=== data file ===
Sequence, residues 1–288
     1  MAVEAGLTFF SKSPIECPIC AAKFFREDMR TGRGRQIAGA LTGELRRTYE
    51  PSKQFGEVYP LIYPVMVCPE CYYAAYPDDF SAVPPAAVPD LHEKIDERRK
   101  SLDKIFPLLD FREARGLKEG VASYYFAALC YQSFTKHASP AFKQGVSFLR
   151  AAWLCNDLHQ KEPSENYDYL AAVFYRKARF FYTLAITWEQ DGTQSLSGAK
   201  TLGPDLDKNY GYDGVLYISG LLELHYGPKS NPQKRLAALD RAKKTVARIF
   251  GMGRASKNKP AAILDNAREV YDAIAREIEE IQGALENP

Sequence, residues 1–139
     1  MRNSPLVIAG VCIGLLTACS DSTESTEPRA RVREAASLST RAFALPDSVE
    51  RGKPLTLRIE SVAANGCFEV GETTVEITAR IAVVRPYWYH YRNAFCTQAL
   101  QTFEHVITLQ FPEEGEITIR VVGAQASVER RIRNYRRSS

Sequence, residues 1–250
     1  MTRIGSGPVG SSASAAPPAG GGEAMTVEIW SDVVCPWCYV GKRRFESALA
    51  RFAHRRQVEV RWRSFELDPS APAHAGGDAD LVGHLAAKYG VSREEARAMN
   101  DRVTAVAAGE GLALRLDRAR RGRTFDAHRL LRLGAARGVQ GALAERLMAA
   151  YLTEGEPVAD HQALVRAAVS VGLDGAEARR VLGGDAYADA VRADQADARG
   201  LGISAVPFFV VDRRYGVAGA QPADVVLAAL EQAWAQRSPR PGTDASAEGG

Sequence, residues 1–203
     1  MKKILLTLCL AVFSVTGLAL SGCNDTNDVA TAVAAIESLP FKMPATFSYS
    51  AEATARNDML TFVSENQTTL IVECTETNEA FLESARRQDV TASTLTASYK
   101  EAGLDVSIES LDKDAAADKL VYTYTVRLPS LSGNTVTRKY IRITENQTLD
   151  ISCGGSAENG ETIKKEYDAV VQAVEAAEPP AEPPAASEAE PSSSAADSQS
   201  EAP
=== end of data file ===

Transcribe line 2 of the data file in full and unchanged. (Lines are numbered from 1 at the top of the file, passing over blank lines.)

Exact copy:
     1  MAVEAGLTFF SKSPIECPIC AAKFFREDMR TGRGRQIAGA LTGELRRTYE